I feel like I’ve been reading the same kinds of young adult literature for the past couple of years: romances, fantasies, and sci-fis. While We Are the Ants by Shaun David Hutchinson can be considered a YA lit sci-fi novel, I didn’t see it as such. I saw Hutchinson’s writing style as a breath of fresh air, adding humor and sarcasm to the genre.
Henry Denton doesn’t live the most enchanted life. Having a chain-smoking single mother, loud and slightly stupid older brother, old and dementia-ridden grandma, mixed with the general anxiety of being a gay teenage boy in the rich part of town doesn’t leave a good taste in Henry’s mouth. When the “sluggers,” aliens who’ve abducted Henry before, give him the opportunity to either end the world or save the world, Henry doesn’t just make a rash decision. He sits back and takes his time, letting the time limit the aliens gave him elapse as he decides if he lives in a world worth living.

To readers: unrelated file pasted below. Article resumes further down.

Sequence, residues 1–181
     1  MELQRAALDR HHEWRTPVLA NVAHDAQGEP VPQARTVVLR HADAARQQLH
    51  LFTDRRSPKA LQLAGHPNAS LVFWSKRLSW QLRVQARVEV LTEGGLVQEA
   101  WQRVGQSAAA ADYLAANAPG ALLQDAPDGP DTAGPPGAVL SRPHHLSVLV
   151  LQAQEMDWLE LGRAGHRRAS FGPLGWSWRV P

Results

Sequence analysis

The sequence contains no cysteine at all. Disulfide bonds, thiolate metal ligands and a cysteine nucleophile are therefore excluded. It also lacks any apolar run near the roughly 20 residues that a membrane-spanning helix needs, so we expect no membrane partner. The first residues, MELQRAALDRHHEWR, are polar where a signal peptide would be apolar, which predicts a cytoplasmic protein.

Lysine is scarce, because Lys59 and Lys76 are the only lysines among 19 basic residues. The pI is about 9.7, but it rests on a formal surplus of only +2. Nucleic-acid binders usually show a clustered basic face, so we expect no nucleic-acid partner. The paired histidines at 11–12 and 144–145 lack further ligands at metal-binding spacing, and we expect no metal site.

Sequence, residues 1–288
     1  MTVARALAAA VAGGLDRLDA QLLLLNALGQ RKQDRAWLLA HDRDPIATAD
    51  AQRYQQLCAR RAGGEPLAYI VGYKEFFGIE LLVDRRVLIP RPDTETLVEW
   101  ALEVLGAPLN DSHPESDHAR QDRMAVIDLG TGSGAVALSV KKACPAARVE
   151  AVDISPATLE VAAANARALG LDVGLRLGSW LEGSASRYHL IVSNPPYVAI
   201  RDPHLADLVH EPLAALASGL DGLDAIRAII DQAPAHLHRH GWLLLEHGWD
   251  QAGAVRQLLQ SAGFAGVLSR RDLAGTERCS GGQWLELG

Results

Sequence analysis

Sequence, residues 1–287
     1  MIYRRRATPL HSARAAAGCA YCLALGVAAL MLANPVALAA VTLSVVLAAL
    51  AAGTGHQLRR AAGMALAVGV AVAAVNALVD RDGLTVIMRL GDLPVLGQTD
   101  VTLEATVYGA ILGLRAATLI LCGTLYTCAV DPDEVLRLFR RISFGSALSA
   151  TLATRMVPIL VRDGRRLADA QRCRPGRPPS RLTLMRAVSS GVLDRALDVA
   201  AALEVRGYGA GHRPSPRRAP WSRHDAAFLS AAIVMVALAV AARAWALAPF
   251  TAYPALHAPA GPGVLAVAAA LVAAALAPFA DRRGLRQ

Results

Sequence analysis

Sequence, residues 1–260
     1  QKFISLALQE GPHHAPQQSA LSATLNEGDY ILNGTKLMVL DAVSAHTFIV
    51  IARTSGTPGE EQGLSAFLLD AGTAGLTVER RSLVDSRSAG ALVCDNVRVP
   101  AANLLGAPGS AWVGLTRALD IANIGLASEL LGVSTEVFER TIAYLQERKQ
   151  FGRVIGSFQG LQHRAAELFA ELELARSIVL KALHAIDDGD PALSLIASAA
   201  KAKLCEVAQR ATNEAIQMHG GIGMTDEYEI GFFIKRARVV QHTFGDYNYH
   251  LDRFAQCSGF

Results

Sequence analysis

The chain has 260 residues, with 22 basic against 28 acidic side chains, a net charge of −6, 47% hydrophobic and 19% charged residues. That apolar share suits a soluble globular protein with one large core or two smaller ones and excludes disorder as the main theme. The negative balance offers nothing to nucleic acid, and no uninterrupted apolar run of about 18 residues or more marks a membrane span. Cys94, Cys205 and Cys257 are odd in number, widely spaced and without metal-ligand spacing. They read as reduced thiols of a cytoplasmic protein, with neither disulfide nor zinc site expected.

The plot didn’t hook me, I’m not going to lie. Henry’s internal debate did. He would go between yes, everyone deserves to live and no, everyone sucks so quickly that I found myself literally laughing out loud on my lunch breaks. Not to mention Henry covered a lot of hard subjects teens unfortunately are faced with these days like suicide and homophobia. I could also see the stress of Henry’s home life taking a toll on him. As someone who has taken care of an elderly family member, I can say it’s not easy at any age, let alone as a teenager. Unlike so many other modern YA books out there, this novel really captures how young people think, even if the plot is something a little more fictional than most.
All-in-all, I was impressed with We Are the Ants. I mean, really impressed. By page three I knew I’d like the book, but that’s just me. If you want to get a snapshot into the mind of a teenage boy with real problems, then you very well may enjoy this book, no matter what the plot may be.
Sarah Emily Lelonek has a BA in English Literature from Kent State University. She is currently enrolled at Tiffin University in their Master’s of Education program. She enjoys traveling and gaming while on breaks from working on her novel.
Review copy was provided free of any obligation by Simon Pulse. No monetary or any other form of compensation was received.